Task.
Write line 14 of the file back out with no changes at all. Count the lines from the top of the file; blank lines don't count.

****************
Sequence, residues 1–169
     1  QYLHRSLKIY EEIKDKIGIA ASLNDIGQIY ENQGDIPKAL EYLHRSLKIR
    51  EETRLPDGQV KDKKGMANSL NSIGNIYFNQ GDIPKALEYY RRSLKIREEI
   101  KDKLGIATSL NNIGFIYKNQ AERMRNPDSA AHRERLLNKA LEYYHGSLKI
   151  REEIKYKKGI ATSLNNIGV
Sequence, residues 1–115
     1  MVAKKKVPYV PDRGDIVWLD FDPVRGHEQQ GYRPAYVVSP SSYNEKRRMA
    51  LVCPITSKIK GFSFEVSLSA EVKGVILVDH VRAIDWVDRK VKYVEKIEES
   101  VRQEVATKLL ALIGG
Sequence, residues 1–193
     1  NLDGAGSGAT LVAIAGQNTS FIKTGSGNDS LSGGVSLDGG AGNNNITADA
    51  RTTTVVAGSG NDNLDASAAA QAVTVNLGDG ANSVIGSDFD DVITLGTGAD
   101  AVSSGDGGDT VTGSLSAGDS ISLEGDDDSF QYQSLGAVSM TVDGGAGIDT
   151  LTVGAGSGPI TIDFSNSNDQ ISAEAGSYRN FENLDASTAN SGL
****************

   151  LTVGAGSGPI TIDFSNSNDQ ISAEAGSYRN FENLDASTAN SGL